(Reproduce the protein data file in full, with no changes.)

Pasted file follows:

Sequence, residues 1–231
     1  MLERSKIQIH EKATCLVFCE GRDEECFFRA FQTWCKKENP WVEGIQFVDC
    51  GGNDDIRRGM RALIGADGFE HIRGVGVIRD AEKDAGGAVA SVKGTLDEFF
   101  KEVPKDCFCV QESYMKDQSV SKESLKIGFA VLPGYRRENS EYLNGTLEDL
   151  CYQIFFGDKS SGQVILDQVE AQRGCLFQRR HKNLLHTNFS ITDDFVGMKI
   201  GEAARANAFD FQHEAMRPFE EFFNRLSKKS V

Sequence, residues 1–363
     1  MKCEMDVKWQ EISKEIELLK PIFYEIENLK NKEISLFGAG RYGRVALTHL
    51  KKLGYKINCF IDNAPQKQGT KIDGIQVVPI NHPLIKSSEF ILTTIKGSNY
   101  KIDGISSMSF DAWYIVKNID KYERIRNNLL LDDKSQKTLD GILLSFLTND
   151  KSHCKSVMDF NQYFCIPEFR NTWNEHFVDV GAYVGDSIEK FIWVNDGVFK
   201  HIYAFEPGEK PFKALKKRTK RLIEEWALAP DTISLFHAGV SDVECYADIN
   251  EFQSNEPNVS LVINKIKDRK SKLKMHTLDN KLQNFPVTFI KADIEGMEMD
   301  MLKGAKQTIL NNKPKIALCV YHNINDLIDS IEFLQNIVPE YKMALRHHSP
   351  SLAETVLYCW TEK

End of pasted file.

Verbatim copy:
Sequence, residues 1–231
     1  MLERSKIQIH EKATCLVFCE GRDEECFFRA FQTWCKKENP WVEGIQFVDC
    51  GGNDDIRRGM RALIGADGFE HIRGVGVIRD AEKDAGGAVA SVKGTLDEFF
   101  KEVPKDCFCV QESYMKDQSV SKESLKIGFA VLPGYRRENS EYLNGTLEDL
   151  CYQIFFGDKS SGQVILDQVE AQRGCLFQRR HKNLLHTNFS ITDDFVGMKI
   201  GEAARANAFD FQHEAMRPFE EFFNRLSKKS V

Sequence, residues 1–363
     1  MKCEMDVKWQ EISKEIELLK PIFYEIENLK NKEISLFGAG RYGRVALTHL
    51  KKLGYKINCF IDNAPQKQGT KIDGIQVVPI NHPLIKSSEF ILTTIKGSNY
   101  KIDGISSMSF DAWYIVKNID KYERIRNNLL LDDKSQKTLD GILLSFLTND
   151  KSHCKSVMDF NQYFCIPEFR NTWNEHFVDV GAYVGDSIEK FIWVNDGVFK
   201  HIYAFEPGEK PFKALKKRTK RLIEEWALAP DTISLFHAGV SDVECYADIN
   251  EFQSNEPNVS LVINKIKDRK SKLKMHTLDN KLQNFPVTFI KADIEGMEMD
   301  MLKGAKQTIL NNKPKIALCV YHNINDLIDS IEFLQNIVPE YKMALRHHSP
   351  SLAETVLYCW TEK